“I never spoke to him,” Trump told The Daily Caller. “Maybe I wasn’t given messages that he called. I probably would have spoken to him if he’d called, if he’d gotten through.”

This is a midterm election year and the pressure is as high as it has ever been to try to stop the President from implementing his agenda. The torrent of lies and slander can only be expected to worsen as time moves forward.

As for Mr. Woodward, if his allegations are as false as the counter-statements say, it is very sad that such a pivotal figure in journalism has stooped to the level of tabloid style attack writing.


The statements, views and opinions expressed in this column are solely those of the author and do not necessarily represent those of this site. This site does not give financial, investment or medical advice.

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franz kafka
franz kafka
September 8, 2018

What this tells you is that the internal civil war is not over, and that, bad as he is, Trump is probably the ‘good guy’.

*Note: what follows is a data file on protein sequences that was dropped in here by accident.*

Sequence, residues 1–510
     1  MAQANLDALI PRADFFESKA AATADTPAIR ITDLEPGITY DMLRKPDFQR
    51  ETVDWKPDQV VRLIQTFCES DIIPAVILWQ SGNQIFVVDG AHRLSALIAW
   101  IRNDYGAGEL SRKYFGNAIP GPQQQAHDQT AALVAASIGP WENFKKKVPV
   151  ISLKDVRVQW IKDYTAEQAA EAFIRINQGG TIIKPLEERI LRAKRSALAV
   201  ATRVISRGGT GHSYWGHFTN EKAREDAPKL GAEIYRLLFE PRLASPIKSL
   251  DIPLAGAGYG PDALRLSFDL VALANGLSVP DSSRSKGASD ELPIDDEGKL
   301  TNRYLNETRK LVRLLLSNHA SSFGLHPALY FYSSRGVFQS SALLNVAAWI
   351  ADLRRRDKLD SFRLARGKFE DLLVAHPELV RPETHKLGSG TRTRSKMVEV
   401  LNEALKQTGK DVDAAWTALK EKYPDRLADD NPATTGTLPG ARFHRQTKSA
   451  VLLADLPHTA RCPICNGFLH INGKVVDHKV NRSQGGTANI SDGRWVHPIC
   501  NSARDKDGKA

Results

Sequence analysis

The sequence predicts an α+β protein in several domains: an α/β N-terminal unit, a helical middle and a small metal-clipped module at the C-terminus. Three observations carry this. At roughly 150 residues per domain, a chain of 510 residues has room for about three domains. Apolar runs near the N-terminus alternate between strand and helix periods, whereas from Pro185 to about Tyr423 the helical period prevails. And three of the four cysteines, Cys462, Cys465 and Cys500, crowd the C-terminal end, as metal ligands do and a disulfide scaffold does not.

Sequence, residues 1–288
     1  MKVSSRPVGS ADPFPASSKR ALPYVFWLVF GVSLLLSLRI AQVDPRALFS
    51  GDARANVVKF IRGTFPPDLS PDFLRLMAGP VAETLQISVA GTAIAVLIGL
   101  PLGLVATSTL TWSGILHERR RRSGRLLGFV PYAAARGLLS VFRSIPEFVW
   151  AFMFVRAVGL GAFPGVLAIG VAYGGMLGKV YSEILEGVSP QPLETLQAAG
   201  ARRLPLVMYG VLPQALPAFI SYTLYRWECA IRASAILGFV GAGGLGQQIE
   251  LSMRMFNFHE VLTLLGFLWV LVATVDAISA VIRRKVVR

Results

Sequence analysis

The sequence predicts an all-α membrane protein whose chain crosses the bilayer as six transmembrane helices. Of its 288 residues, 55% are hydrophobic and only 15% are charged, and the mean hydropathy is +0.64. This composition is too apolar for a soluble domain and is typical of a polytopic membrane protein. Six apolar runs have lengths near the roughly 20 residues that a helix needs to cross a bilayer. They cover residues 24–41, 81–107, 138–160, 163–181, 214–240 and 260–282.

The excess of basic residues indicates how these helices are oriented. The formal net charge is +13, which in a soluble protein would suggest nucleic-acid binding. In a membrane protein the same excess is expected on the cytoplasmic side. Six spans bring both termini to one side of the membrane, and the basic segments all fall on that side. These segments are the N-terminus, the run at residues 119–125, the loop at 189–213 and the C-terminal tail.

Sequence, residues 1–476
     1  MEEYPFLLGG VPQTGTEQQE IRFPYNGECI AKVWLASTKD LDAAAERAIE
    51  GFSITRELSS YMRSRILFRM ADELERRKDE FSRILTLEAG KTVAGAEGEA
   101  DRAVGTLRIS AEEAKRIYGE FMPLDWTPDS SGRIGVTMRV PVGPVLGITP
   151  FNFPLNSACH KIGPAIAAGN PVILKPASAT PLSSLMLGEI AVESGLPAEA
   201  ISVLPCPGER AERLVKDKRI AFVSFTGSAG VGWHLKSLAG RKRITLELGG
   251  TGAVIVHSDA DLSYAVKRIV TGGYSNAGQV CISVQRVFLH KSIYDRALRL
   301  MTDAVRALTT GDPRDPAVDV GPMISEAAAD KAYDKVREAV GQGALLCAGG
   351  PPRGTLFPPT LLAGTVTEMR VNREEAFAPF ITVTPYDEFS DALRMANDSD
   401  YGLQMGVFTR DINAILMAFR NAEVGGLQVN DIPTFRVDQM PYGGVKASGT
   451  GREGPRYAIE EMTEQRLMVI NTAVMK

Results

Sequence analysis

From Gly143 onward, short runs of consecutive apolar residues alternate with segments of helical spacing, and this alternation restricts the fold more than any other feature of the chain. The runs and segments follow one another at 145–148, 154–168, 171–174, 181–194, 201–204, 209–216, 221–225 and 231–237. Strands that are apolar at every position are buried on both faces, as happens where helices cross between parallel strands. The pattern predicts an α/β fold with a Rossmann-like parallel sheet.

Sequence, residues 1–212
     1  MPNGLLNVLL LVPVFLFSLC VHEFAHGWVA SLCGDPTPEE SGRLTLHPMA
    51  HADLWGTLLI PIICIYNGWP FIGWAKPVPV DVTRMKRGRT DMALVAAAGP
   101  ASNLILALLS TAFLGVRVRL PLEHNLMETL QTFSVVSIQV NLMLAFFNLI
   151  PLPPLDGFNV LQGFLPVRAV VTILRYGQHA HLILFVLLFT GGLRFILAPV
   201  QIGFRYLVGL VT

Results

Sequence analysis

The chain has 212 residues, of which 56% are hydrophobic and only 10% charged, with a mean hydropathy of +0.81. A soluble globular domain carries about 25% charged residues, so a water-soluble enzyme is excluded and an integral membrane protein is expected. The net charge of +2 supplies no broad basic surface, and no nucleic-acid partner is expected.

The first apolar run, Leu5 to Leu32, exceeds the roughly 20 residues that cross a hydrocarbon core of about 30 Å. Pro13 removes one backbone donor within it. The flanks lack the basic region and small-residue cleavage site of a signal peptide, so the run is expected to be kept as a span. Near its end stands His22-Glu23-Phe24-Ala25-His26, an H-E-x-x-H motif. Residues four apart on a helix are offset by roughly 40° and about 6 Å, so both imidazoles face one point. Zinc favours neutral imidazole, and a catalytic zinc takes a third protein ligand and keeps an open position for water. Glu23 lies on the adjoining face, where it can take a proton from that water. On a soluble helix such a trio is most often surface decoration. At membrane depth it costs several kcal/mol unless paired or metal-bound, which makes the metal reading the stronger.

Bernstine and Woodward (alias) are Three Letter Agency field agents.
‘Deep Throat’ is always Deep State Three Letter Agency.
This is just Operation Mockingbird at work.

US Govt Just Legalized Operation Mockingbird — FBI Can Now Impersonate the Media

September 8, 2018

Woodward couldn’t even type when the CIA planted him at WaPo. They fed him Deep Throat info to stampede Nixon, who was ignorant of Watergate, into the cover up that got him kicked out. Looks like his old boss (you never really leave the Company) has called again. The truth is irrelevant. Can they stampede another paranoid president into leaving?

franz kafka
franz kafka
September 8, 2018

These two, Woodward and Bernstein were, highly likely, part of the disinformation echo-chamber run by the CIA and called Operation Mockingbird.

Leak on the ISS becomes a matter of controversy

Trump Orders NYTimes To Reveal Op-Ed Source For “National Security” Purposes